As pointed out by the authors from Harvard and McGill Universities, there is utility to the use of social media as a reporting mechanism for infectious disease outbreaks, especially in the early stages when a cluster of infections may not be recognized as an outbreak. Social media may also be instrumental during the initial stages of an outbreak when formal surveillance systems are not established. The real-time availability of information from social media facilitates a rapid understanding of the reproductive-number that may be rapidly translated into response.

Providers in Emergency Department and primary clinic settings are frequently the first to observe an unusual manifestation of an infection or a notable cluster of infections. Traditional routes of reporting to local and state health departments may result in delays in release of information to other providers and the public, as involved persons are interviewed and cases confirmed. Social media has revolutionized outbreak surveillance as it has facilitated reporting by anyone with access to a number of modalities. Facebook was instrumental in understanding the epidemiology of an influenza-like illness that affected more than 80 international attendees at a conference in Los Angeles in February of 2011. An initial posting on Facebook resulted in responses from cases around the world that was utilized by the Centers for Disease Control and Prevention to disseminate and online questionnaire and information about testing and management.

Social media is extremely beneficial in obtaining real-time information about disease clusters and outbreaks as demonstrated by the comparative data from the Haitian cholera outbreak. However, the importance of verification and the dissemination of accurate information while emphasizing awareness and reducing fear, remains a challenge.

– Andi L. Shane, MD MPH, MSc

Assistant professor, division of infectious disease, department of pediatrics

Emory University School of Medicine

Disclosure: Dr. Shane reports no relevant financial disclosures.

Twitter Follow InfectiousDiseaseNews.com on Twitter.

Twitter feeds and online news were faster than traditional surveillance in detecting the onset and spread of the cholera epidemic after the January 2010 earthquake in Haiti, according to study results published in the American Journal of Tropical Medicine and Hygiene.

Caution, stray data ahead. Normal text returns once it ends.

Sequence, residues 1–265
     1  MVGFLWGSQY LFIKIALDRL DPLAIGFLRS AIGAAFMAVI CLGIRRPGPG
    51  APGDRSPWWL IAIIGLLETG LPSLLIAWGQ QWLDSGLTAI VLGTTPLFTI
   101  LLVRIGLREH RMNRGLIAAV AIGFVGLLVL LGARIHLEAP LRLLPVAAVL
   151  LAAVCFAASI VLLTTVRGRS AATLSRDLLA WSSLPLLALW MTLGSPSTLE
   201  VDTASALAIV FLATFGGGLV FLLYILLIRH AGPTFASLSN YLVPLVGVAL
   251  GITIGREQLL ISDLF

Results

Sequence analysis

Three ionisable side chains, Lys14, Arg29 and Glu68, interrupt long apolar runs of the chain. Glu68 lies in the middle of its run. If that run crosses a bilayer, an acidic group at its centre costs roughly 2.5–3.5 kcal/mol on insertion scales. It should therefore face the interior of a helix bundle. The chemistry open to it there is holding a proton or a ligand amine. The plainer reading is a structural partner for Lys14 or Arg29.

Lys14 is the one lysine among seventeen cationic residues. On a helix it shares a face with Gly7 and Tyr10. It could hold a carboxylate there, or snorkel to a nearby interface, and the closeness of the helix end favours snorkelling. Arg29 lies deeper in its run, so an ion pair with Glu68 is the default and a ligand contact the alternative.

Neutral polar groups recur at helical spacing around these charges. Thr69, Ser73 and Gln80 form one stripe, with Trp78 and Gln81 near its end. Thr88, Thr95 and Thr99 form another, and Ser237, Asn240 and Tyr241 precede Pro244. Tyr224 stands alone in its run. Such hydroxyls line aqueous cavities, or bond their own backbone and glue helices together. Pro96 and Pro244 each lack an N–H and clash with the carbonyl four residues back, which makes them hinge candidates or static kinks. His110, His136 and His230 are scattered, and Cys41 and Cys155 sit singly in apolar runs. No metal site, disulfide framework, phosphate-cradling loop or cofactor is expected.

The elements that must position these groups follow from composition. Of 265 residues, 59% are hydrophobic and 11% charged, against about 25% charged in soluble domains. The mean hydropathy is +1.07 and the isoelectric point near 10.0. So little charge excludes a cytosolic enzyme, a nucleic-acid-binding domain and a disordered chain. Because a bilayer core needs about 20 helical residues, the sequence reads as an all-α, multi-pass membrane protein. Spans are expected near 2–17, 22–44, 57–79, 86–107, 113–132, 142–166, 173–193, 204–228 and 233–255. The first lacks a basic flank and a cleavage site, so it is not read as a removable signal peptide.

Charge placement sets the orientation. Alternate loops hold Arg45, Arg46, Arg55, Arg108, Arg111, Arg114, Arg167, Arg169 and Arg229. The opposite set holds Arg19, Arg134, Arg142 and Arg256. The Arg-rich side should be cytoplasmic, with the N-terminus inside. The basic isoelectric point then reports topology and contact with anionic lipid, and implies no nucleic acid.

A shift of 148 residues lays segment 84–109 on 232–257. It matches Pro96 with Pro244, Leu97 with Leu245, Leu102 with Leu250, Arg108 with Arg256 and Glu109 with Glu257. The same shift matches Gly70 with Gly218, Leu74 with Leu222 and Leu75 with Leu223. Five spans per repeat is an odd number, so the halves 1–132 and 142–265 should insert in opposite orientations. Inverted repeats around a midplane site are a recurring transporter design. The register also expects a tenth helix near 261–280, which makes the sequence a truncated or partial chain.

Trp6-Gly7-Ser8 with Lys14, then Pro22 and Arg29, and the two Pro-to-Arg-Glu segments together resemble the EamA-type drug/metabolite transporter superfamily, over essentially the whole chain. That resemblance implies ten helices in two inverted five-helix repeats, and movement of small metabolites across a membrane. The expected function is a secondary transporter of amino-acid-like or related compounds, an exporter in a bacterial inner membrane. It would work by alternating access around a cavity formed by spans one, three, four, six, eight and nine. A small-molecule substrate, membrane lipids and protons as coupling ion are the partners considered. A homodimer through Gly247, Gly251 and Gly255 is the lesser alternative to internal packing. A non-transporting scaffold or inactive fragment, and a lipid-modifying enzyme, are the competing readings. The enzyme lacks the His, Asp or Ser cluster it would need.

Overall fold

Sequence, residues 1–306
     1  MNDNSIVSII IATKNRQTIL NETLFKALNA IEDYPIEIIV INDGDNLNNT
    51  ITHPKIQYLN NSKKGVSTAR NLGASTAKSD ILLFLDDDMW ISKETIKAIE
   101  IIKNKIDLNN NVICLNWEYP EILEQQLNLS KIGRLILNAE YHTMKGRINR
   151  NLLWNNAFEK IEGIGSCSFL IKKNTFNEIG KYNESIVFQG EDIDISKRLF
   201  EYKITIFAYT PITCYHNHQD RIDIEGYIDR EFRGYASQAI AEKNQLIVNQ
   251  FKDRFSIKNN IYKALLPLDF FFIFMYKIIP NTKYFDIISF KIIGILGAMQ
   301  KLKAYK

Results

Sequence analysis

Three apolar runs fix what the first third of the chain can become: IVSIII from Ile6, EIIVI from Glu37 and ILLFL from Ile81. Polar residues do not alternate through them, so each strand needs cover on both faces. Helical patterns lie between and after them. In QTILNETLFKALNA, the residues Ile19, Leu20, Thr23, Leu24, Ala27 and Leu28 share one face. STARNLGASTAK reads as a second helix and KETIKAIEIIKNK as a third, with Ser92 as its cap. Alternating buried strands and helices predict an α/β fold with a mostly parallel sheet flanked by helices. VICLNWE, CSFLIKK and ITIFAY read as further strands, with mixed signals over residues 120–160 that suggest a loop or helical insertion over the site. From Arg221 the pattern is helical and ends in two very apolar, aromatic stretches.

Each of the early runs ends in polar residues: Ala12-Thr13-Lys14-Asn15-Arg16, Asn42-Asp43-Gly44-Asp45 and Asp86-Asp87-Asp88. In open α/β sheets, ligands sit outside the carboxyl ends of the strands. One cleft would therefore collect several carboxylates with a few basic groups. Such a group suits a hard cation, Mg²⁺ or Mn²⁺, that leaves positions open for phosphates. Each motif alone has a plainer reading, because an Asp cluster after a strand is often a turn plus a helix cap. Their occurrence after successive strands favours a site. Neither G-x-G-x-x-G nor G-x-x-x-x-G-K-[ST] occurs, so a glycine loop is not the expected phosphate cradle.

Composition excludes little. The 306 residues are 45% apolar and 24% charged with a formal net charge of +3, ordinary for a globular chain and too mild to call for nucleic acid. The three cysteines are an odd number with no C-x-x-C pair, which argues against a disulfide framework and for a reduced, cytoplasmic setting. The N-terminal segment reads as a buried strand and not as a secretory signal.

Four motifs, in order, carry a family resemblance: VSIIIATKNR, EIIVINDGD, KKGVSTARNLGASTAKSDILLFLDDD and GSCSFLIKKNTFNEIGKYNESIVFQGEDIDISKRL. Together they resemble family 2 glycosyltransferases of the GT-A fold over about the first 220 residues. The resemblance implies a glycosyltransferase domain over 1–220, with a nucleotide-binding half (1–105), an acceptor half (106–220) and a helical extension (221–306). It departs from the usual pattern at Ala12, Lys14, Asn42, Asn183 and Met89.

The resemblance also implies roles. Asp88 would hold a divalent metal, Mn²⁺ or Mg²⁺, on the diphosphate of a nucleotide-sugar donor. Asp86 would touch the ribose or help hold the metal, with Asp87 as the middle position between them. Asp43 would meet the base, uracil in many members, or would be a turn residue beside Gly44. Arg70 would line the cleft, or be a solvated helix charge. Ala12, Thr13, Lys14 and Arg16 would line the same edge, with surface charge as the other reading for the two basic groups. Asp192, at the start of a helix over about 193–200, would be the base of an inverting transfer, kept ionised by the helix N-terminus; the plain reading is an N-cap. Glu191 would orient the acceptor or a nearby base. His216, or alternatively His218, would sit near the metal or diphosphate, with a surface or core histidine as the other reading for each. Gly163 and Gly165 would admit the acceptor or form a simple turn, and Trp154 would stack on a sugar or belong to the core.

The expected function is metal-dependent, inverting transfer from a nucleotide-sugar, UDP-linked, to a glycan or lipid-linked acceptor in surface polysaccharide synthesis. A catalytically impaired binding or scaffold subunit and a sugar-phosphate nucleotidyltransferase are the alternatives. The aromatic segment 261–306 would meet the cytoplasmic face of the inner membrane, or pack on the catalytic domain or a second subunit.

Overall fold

To determine whether trends in the volume of online social and news media correlated with officially reported disease measures, researchers examined data from the first 100 days of the Haitian cholera outbreak.

Researchers accumulated data from three sources: reports from the Haitian Ministry of Public Health (MSPP) that consisted of tallies of cholera cases, hospitalizations and deaths, often published in time-delayed batches; Twitter, a public social media service examined for any French and English mention of the word “cholera;” and HealthMap, an automated surveillance platform that constantly identifies, characterizes and maps outbreaks and epidemic events.

Incoming data were organized into three time periods to correlate with the initial phase of outbreak (Oct. 20-Nov. 3, 2010); the increase in cases during Hurricane Tomas (Nov. 3-Dec. 1, 2010); and the first 100 days of the outbreak (Oct. 20, 2010-Jan. 28, 2011).

According to the study, data compiled from HealthMap and Twitter demonstrated the highest correlation in time with 0-day lags for all three time periods (Oct. 20-Nov. 3: 95% CI, 0.64-0.91; Nov. 3-Dec. 1: 95% CI, 0.64-0.86; and Oct. 20-Jan. 28: 95% CI, 0.75-0.84).

Researchers determined that although data collected from HealthMap and Twitter correlated best with MSPP data provided with a 1-day lag, the availability of real-time information (as opposed to MSPP 2-week release delay) allowed earlier estimates to be compiled from these data sources than from traditional surveillance sources.